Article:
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The Saguache Crescent
Saguache , Colorado
March 19, 1931     The Saguache Crescent
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March 19, 1931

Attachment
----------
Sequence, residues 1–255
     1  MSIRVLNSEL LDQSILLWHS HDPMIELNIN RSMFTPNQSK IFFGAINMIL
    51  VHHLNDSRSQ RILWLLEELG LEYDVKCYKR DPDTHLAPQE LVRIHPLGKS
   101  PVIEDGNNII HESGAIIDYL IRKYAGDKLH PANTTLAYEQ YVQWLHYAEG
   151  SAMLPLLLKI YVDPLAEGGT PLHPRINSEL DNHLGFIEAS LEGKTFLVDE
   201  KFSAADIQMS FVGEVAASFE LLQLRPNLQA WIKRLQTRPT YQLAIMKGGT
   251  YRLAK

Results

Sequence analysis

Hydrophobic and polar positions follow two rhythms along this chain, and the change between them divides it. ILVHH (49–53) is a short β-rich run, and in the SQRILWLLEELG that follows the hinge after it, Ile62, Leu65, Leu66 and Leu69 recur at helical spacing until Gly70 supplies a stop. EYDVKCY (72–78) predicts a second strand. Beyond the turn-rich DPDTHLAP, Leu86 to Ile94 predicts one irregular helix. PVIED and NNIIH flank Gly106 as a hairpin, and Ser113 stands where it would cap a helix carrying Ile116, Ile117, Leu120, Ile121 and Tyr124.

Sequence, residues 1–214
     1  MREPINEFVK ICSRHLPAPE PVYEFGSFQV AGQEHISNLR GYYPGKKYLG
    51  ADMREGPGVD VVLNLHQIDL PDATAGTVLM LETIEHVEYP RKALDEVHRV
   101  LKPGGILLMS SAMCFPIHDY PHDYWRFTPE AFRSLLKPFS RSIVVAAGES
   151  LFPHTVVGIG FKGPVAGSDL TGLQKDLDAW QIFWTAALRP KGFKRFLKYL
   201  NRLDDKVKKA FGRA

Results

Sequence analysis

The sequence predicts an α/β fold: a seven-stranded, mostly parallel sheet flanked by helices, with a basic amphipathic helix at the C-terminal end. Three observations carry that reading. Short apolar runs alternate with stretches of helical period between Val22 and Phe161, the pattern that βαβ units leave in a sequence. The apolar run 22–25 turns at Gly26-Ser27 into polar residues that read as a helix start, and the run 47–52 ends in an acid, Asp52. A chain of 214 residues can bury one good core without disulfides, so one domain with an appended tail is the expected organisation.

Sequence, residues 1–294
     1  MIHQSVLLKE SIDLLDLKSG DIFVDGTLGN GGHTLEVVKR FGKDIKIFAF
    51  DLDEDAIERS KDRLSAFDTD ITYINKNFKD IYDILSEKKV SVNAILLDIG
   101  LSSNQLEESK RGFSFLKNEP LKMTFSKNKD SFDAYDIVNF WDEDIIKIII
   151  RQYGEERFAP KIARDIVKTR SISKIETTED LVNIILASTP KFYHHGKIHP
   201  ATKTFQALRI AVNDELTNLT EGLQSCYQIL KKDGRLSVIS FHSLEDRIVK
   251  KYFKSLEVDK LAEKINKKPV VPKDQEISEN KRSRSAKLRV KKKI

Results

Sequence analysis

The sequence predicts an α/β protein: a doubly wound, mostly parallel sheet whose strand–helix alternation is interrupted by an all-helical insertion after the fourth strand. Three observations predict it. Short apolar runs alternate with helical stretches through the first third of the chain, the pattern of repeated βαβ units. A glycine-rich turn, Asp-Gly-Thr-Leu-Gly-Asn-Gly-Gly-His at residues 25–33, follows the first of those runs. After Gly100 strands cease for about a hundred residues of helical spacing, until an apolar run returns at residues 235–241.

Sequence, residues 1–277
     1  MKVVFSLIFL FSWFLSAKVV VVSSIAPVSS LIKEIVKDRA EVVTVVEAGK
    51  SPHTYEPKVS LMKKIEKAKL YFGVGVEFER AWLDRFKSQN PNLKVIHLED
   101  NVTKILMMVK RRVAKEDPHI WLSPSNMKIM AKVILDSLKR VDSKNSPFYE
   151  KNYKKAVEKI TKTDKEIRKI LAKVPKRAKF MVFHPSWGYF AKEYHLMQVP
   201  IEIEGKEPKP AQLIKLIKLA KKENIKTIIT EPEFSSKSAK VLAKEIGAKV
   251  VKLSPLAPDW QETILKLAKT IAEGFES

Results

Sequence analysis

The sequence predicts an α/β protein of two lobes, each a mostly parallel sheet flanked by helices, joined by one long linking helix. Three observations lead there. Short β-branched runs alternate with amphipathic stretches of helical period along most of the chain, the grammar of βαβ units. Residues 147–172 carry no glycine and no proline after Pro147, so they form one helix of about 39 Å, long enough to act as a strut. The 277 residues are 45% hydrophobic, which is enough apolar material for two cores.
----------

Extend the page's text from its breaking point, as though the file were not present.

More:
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THE AUACHE CRESCENT The Handsome Man by MARGARET TURNBULL not be allowed to leave her father&apos;s home today, alone. Then he had seen the blue car and known that It was Jack. He knew he must follow if he could not stop her now, and very evl. dently she would not listen. A cold sweat broke out on his forehead as he followed the girl down the path. He dared not leave her, but he cursed the pride and caution that had kept him from taking her father into his confidence. The moment he had read the printed name, he had known that Jack Navarre was determined to get the glrl and her money, but her attitude toward Sir George was so antagonistic that he had not quite known how to proceed. IFlluslxatlonsby He knew he should force Roberts ) IRWIN MYERS either to bring Jack to her father', -oDyrtgh;" by Margaret TurnbulL g attention or to listen while he told her ..... what he knew of Jack Navarre. But how? "Is your friend coming to Join the CHAPTER XI party?" he asked. --20-- "No," Roberta said defiantly. "I'm s_. he' week-end party was in full going to Joln him." wing. Roberts moved among a group Sir George frowned. "I wouldn't do  naen, some of them new, some of taea old acquaintances, but all llk- e, Her father, for the first time ece his illness--Indeed for the first ls e since Roberta had flouted his aadwas really enjoying himself. r George, Roberta told herself Jeal- ,aty, was treated like a favored sou. e Was gay and charming, and as her lat AggY took care to let her know OOed like one of those old gods." .* "Mt dear aunt," Roberts protested, talk of nothing else but Sir ge from morning until night. "It can't be as bad as all that I" her aunt exclaimed, evidently alarmed. "his is the first time I have spoken about Sir Geordie this day. There's o,mething about the way you listen." , aere must be i" declared the mad. ;:ned Roberts. "11 take care to saute that something, for you may Well lnow, now as later, that I'm 4lick of the sound of Sir George's 1anise on your lips." , ear, dear l Hays ! done that for - lad! I'm terrible sorry, Roberta. WOUldn,t have had that happen for deal. You see, it's only the few days that I've known how he about you, and maybe that's why without meaning to, you might been having him on my mivd , I look at you." . 'How he feels about met Why, he to me!" The amazed girl almost uout-d it. "Shish! He says so with his lips h ybe. There's an old Gaelic saying at the lips must defend the heart aOUgh it is breaking," "I Will say, Aunt Aggy, tbat a mau ho can defend his heart as well as ir Oeorge does his will never be danger of losing or breaking it." ."80 you say," returned her aunt mnrewdly. "Hearts aren't made of glass it's true, my lass, but they do 4)reek. Not right away, maybe, not dropping down dead as they do in the ttorles, but nevertheless, they do go aff, and for nothing but dead love." Roberts, who seemed exasperated t}eYOnd all need at this conversation ;rveyed her aunt with unblinking es. "Well, next time you see one (lYing that way, chll me, so that I can coins and watch his death struggle." "I have," aid her aunt, "and you'll ao believe me." She left before Roberta could reply. . What cod you do with a woman like Aunt Aggy? The idea of trying to make her city Sir Geor e! Or wa llt _ g s =- Scheme f Sir George's very own, o keep her from telling her father What she knew? Did hs suspect Jack Qf glvlng her his true history? What was she to do? What could he fie? She had promised Jack to 'eet him, and yet as the hour drew lear when she must fulfill that prom- r she grew more and more reluctant. t must be this afternoon or never. hat washer feeling hs she crossed Q terrace o where her father, with , Y Browne, Sir George and the rest t the young men, watched wlth in- crest a motor driven by Roger Dun- am filled wlth girls, coming over the ridge. Roberts gave Sir George a quick, keen look hat might mean almost Ythlng. 'Involuntarily he followed her down the steps. Since he had read that marriage license announce- aent he had followed her like a hound en the trail. He could not bring hlm- lelf to tell MacBeth and expose the glrl 0 anger and ridicule. He meant to her lea him to ffack Navarre md then he would take matters in his wu hand Vmd spare both the glrl and er father. They were not married Yet, and that announcement might be nly ane of Jack's tricks to catch the girl. Blr George meant to see that the marriage did not take place. It WOUld be a difficult ,Job, but he would <lo more than *that for good old Robert acBeth. Roberts wet down the steps slowly, an agony of indecision, quite un- :::ethat .she was being followed. nan told her to say nothing to aer father ,about his secretary's past eord aa he had given it to her, yet kriously enough, she doubted Jack Ometlmes and was not sure that she onbted her father's secretary. .,2aY. Browne looked after the girl 1 , r George. "I wish he wasn't so gOOd looking,,, ,he decl r 'Even .... ,, a ed earnestly. (lro,e 2- ..... m and then his Jaw ,. vv u, and .he stared speechless, as lld her father. Sir George, having ap- gOaChed Roberts, had lald his hand htly on :her arm to detain her and he had Jerked .away from him. "The lad hows very little tact," tld Roberta's father: , "It seems to ethat Sir George has lost his sense .*t ntlnlor.,, le had, "for he had had a flash of om.,_t _.,iug " which he always alluded -- nat ,d-d queer inheritance my mother s side of the f.mUy." mm sin's .that Roberts must that. Your father will miss you--and andit will look rather odd, don't you think, for a girl to be constantly in the company of a man who never comes to the house?" Roberta swung around on him. She was furious, and she did not hesitate to show it. "So," she began in a low, deadly sweet voice, "after all, my fa- ther's secretary is his spy." "Don't! It has an ugly sound and it isn't true. Your father's laid up and I'm trying to keep him from being worried. I'm--I'm trying to look after you--for him." "How nice of you," Roberta mocked softly. "But you are in my way, Sir George Sandison, and I am waiting for to move." He paid no attention. How lovely the little devil was, and what a voiceI A man might listen to its music ln- definitely. "If you would only listen I think you would see what I am driv- ing at. My :lear girl, I would do a lot to save Robert MacBeth a single anxiety." "And you think?" "And I think you are causing him some," he said slowly. "In fact, I'm sure." Roberta stopped and stood still for a moment. Her impulse was to cry out : "Oh, you don't really mean that father is worrying about me now?" But her pride would not allow her to do it. She would go on with what she had started out to do. She knew now that she was wrong to go. In- deed, she had all along been forcing herself to believe that it meant little to her father, in order to keep her uneasy conscience from troubling her. Almost she was on the point of turning back. She would tell fleck he / "Why, He Hates Mel  The Amazed Girl Almost Shouted It. must come in and face father, even if It meant a quarrel. Even as she hesitated, Sir George unwittingly spoke the word too much. "Your father may not know the man you are motoring with, but I do, and what little I know is not to his credit." It was too much, and he looked too handsome and too confident. Roberts swung back to her former state of indignation with this man. "I think you're mistaken." "I'm not," he said composedly. "You can see he isn't particularly anxious to be recognized, but I know him.' Again every spark of Consideration for her father or anyone else was swallowed up in Roberta's desire to crash down upon this arrogant Scot. "He must have had his reasons,'* she said ,with a sneer. "What particularly disgraceful episode in your career in- volved Jack?" Sir George laughed. "Don't mislead yourself. I have nothing to fear from Nicaragua Jack, but he has a great deal to dread from me." "Nicaragua Jack! You are crazy! Who is he?" "A handsome young man who calls himself a Spaniard, but it merely a hybrid South American. He makes his living by tangoing with elderly ladle who can pay well for the privilege, be /1.. He Went Sprawling on His Face ca the Grau Under the Trees. tween his gambling trips on the hlgh seas. He's very young, but he's had a lot of experience. He slipped up bad- ly on the last trip and was caught with tile goods." The girl still stared at him, her face white. "I don't know what you are talking about. I know no one called Nicaragua Jack." "Oh, undoubtedly he wouldn't tell you about that name. But you do know some one called Jack, don't you?" "Oh yes--severaL" "Several Jacks. But only one who dances and is from Nicaragua. It was a rotten bad case that he was In. volved in, and there was a glrl In It." "He told me you would do that--' "What ?" "Tell your story as his." "What do you mean?' Roberts drew back slowly away from him. "You understand me per- fectly. You know what I'm talking about and I don't care to hear any more from you." In that moment she had slipped around Sir George and as he came after her she turned, thrust out her slender walking shoe and de- liberately tripped him up. He went sprawlnig on his face on the grass under the trees. When he was up on his feet again, he heard a light laugh  and he saw that already Roberta had gained the road above him and was waving to the blue car which was coming rapidly down the road. It was useless to go after her, and he might be mistaken in thinking this meeting between the girl and Jack of so much significance, but even as he thought this tie caught sight of a bag set down in the shade of the sycamore. Why a bag, unless it meant she wa going to leave the island and her father once and for all? With a quick exclamation, Sir George "Picked up the bag and went hurriedly back over the bridge. He meant to get a car and go after her, He could not let the. girl go, now. This was probably her last ehance-- nnd his. He must overtake her, and he hoped devoutly that the thought of her father might still make her willing to return. He went into the garage and, sur- prised at his own haste, took the first car that stood ready. Only when he had gone out on the road did he real- ize that it was Ray Browne's car that he had commandeered. Well, Ray would probably forgive him. It was now or never, If he was to stop Jack and the girl. He had seen from the garage that the girl had come back to look for her bag. He had even laughed at the thought of how she would scowl when she found it gone. Well, he would go after her and bring her back by hook or crook to Robert MacBeth. Nicara- gua Jack wasn't the son-in-law for that stout fellow. As he clattered over the bridge the first drop of raln fell. (TO BE CONTINUED.) Gates of Death Never Opened for These Two The prophet Elijah and Enoch nev- er saw" death, according to the Bible. H Kings 2:11 says: "And it came to pass, as they (Elijah and Elisha) still went on and talked, that, behold, there appeared a chariot of fire, and horses of fire, which parted them both asunder; and Elijah went up by a whirlwind into heaven." This is un- doubtedly a figurative way of stating that the prophet passed from earth by miraculous translation instead of through the gates of death. Likewise Enoch, the father of Methuselah, nev- er saw death, according to Hebrews 11:5. "By faith," that passage says, "Enoch was translated that he should not see death ; andhe was not found, because God translated him: for be- fore his translation he had this tes- timony, that he pleased God." This ls the basis for the popular but mis- leading statement that Methuselah, the oldest man mentioned in the Bible, died before hie father did. Aa a mat- ter of fact Methuselah's father never died, according to the Biblical account. Genesis 5:25 simply says : "And Enoch walked with God : and he was not ; for God took him."Pathfinder Magazine. Costs of Wealth Opposed to the benefits of wealth are its costs. The purpose of wealth is to benefit its owner; to cause to happen what he desires, and to pre- vent what he does not desire to hap- pen. Often, however, wealth can work no benefit without entailing some ath- er cost. For instance, to own a house is to bring cost of maintenance.Chl- cage Post. About Ourselves While it is illuminating to see how environment molds men, it is abs lutely essentia! that men x'egard them. selve| as molders of th av me2 , Ir00RM, POOLTRY PURE BRED HENS ARE PROFITABLE Cost a Little More but Pay It All Back in Eggs. April is a good time to make every effort possible to produce pure bred poultry Instead of mongrels. If flocks of hens are kept on our farms tilat )ossess the colors of Joseph's coat, combined with numerous sizes aud shapes, and producing a product that would take an expert to tell the shades and texture of the shell, then poultry profits will be slim. With small prof- its, our interest will lessen, and it takes interest to make us go after poultry in the right way, in the opin- ion of D. H. Hall, extension poultry hushandman, Clemson college, South Carolhm. "Have you ever seen a farmer that was interested in a mongrel flock of chickens? if you have, you have seen more than I have," says Mr. Hall. "As a rule, when the farm flock are men. grels, the farmer himself will always tell you that they belong to the wife, but when pure bred poultry comes on the farm, then this same farmer doesn't mind showing the visitors the poultry, and most of the time, will claim every one of them. "Pure bred poultry will also attract attention to the farm. I do not care how humble the home may be or how poor the farmer is t.lmself, people will always stop to look at a flock of pure brel chickens. When other people are interested in the things you have, there Is hsually a sale for tbem at a good profit. "'What about the cost? Pure bred chickens may cost a little more, but they will pay back tn eggs and meat more than mongrels ever can. The pure bred poultry producers in each county should get behind this move- ment and plan pure bred poultry on each farm." Right Number of Males Required in Hen Flock There is no absolute rule in regard to the number of males needed in a flock, but there are some general rec- ommendations that will prove helpful in deciding this question. For the Asiatic breeds one rooster is needed for six or sigh , hens. These birds are slower moving allan abe American breeds. The American breeds, such as Plymouth Rocks, Rhode Island Reds and Wyandotte, need one rooster for every ten or twelve hens. Wltb Leg- horns and other Mediterranean breeds one rooster to fifteen or twenty hens is usually satisfactory. The activity of the males will make some difference in regard to the num- ber needed. In comparatively large flocks fewer males will he needed than where the rooster and hens are closely confined. It is better to have a few more males at tbe beginning of the season than is needed so that there will be sufficient even though some of them may become disabled or dte. If new males are added later in the sea- son they will usually start fighting and do more harm than good. A few ex- tra roosters early in the season is a more practical method of meeting the situation. Increasing Demand for Capons of Good Quality There is a steadily increasing de- mand for capons as the market be- comes appreciative of their superior quality for table purposes. The question Is sometimes asked: "What is a capon?" The answer is: "An unsexed cockerel"--or a bird from which the reproductive organs have been removed before it has been fully developed or attains maturity. This operation has the effect of causing a more placid temperament to develop in tile bird, and the fighting instinct is lost as the result of the continuance of the infantile, undevel- oped sexual nature. After the oper- ation has been performed these birds grow rapidly; and their flesh retains the tender condition of young chickens tip to the time when they are fully grown. Egg Hatchability Birds which have been producing large numbers of eggs throughout the winter are usually found to produce eggs late in the season with a lower fertility and tlatchability. The expla- nation of this is that the vitality of the birds has gone into egg preduc- tion. The hatchabillty of these eggs can be improved, however, by giving the flock all the direct sunlight they can get during the winter. Cod liver oll is also of some value, as are the good glass substitutes. Mating Geese Tile best results with the h(avy i)reds of geese come from mating in trios or using not more than three geese with each gander. On duck farms, a mating of seven ducks to one drake usually gives good results. Gan- ders are usually larger and coarser than geese with larger heads and thlcker necks and they have a more :hrill call. The cry of the goose is rather harsh. The only sure way to determine the sex will be an examina- tion of the organs. Wit and EXPLAINED The uplift worker looked in on the prisoner tn the death cell. "My good man," she asked, "what brought you here?" "Trying to clear myself of the charge of bigamy, lady," the condemned man explained. "But they can't execute a man for that." "Well, you see, I shot one of my wives." POCKET EDITION \\; "He must be a religious man--he studies the prophets a great deal." "Yes; but it's the profits usually mentioned along with the losses, my friend." Learning and Sociability "Co. ' stands for Company," And there is information. That "company" the most will be Of the "Co-education." In the Heights "Don't you admire the Shakes- pearean drama?" "There are two forms of entertain- ment," replied Miss Cayenne, "that I can't properly appreciate. One is Shakespeare and the other is a trapeze performance. They are both too far over my head."--Washington Star. Encouraging an Author "How was your novel received?" "Very favorably," answered Mlss Cayenne. "Critics said it was immoral." "Which was very kind of them. That line of comment was what gave my simple, soul-confession most of its popularlty."--Washington Star. Out With It " Small Girl (entertaining brother's flaneee)Is "Disaster" your Christian name or your surname? Fiancee---What on earth do you mean? Small Girl--'Cos I heard daddy tell- ing mummie that that was what Reg- gie was courting !--The Humorist. SAME OLD STORY Moneybags--Daughter, has the duke told you the old, old story, as yet? Daughter--Yes. He says he owes about 200,000 bucks. A Sad Old Story Mistakes are often made, we know. The record long must leave us sad, For history will too often show Experiments gone to the bad. Following Orders "So you have been bedridden for three years?" "Yes, the doctor came three years ago and said I was not to get up uutll he came again, and he has never bees here since."--Karlkaturen, Oslq. First Things First "Do you always look under the bed before you say your prayers?" asked the flalT, per niece. "No, darling," said the old maid, '*first I say my prayers." Clear to Him "Papa, it says in this book: 'The woman sobbed, tore her hair, beat her breast and fainted.' What does that mean T' "That she wanted a new fur coat, my son." Not So Good "I wish the boys wouldn't call me Blg Bill." "Wily ?" "These college names stick. And I'm studying to be a doctor."  {;i!. .!:!i !::. . i:::: ::!i:: i :: ;!::. !:!:::: : ! !: :...:.., . ..,,:,.-. ,,:. :::: :: :.::.: : : :: :: ::.: :: ............,..,.; .......................... i: : ::': {' :;i iiiiiiii{ i, :.:::::. :x "'" ",',:,::::::::::: To bea Healthy Woman watch your Bowels! What should women do to keep their bowels moving freely? A doc- tor should know the answer. That is why pure Syrup Pepsin is so good for women. It Just suits their delicate organism. It is the pre- scription of an old family doctor who has treated thousands of wom- en patients, and who made a spe- cial study of bowel troubles. Dr. Caldwelrs Syrup Pepsin is made from fresh, laxative herbs, pure pepsin and other harmless in- gredients. It doesn't sicken or weaken you. No restrictions of habit er diet are necessary while taking it. But its action is thor- ough. It carries off the sour bile and poisonous waste. It does every- thing you want it to do. It is fine for children, too. They love its taste. Let them have it every time their tongues are coated or their Bkin is sallow. When you've a sick headache, can't eat, are bilious or sluggish ; and at the times when you are most apt to be constipated, take a little of this famous prescription (all druggists keep it ready in big bottles), an4 you'lI know 'why Dr. Caldwell's Syrup Pepsin is the favorite lax- ative of over a million women! That's All "bIy father belongs to the edna- try club. Does yours?" "No." "He plays golf, doesn't he?" "]O." "Well, he goes to see all the polo games, doesn't be?" "No." "Well, anyway, lie behmgs to some kind of a club, doesn't he?" ":No." "Doesn't he do anything at all" "No, he Jus' works." Museular-Rlheumafle Aches and Pains RAW them out with a "'ffounter- irritant.'" Distressing muscular lumbago, soreness and stiffness--geneP ally respond pleasantlr to good old Mum= terole. Doctors call t a "counterirr t ' " ant, because It gets actton and ts not just a salve. Musterole helps bring sore- ness and pain to the surface, and thtm gives natural relief. You can feel how its warming actiqn penetrates and stimu- lates blood circulation. But do not stop with one application. Apply this sooth- ing, cooling, haling ointment generousi to the affected area om:e every horn" or five hours. Used by millions for Over 20 years. Recommended by m,my doctors and nurses. Keep Musterole handy; jars'and tubes. To Mothers--Musterole is also made in milder .form for babieS and small children. Ask for Chff- dren" s Musterole. Cheap Transportation The cost of a trip from Alexan- ,Irma, Va., to Washington by boat. seven miles, In 1844 was 12 centS. according to a letter written by James Jackson, a student in the theological semlnary in Fairfax county, to Edmund F..Slafter at Andover, Mass. "he letter is now l the library of William and Mary col- lege, the gift of Charles H. Taylor of the Boston GI0be. A patrol wagon brings some ine- I briates to a full stop. Many of the natlons stupidly gov- erned don't realize it. FOR CONSTI PATION SCl E NTI FI C ii ---